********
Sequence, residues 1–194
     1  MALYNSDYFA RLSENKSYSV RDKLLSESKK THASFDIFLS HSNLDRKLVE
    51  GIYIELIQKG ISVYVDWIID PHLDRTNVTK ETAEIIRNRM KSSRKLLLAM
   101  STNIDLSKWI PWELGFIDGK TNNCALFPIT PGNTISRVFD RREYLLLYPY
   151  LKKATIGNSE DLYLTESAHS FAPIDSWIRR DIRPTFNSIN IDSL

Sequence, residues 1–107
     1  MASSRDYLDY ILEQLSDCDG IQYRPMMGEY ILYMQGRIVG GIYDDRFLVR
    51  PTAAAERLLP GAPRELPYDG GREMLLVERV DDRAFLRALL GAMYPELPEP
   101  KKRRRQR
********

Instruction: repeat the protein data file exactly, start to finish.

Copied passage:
Sequence, residues 1–194
     1  MALYNSDYFA RLSENKSYSV RDKLLSESKK THASFDIFLS HSNLDRKLVE
    51  GIYIELIQKG ISVYVDWIID PHLDRTNVTK ETAEIIRNRM KSSRKLLLAM
   101  STNIDLSKWI PWELGFIDGK TNNCALFPIT PGNTISRVFD RREYLLLYPY
   151  LKKATIGNSE DLYLTESAHS FAPIDSWIRR DIRPTFNSIN IDSL

Sequence, residues 1–107
     1  MASSRDYLDY ILEQLSDCDG IQYRPMMGEY ILYMQGRIVG GIYDDRFLVR
    51  PTAAAERLLP GAPRELPYDG GREMLLVERV DDRAFLRALL GAMYPELPEP
   101  KKRRRQR